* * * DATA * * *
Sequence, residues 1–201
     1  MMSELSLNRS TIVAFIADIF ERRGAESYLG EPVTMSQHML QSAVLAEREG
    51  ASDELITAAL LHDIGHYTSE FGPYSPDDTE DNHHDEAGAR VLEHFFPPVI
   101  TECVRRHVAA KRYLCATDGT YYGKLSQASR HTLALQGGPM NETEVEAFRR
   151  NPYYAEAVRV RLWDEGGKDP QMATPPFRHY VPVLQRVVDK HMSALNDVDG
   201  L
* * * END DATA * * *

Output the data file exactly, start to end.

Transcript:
Sequence, residues 1–201
     1  MMSELSLNRS TIVAFIADIF ERRGAESYLG EPVTMSQHML QSAVLAEREG
    51  ASDELITAAL LHDIGHYTSE FGPYSPDDTE DNHHDEAGAR VLEHFFPPVI
   101  TECVRRHVAA KRYLCATDGT YYGKLSQASR HTLALQGGPM NETEVEAFRR
   151  NPYYAEAVRV RLWDEGGKDP QMATPPFRHY VPVLQRVVDK HMSALNDVDG
   201  L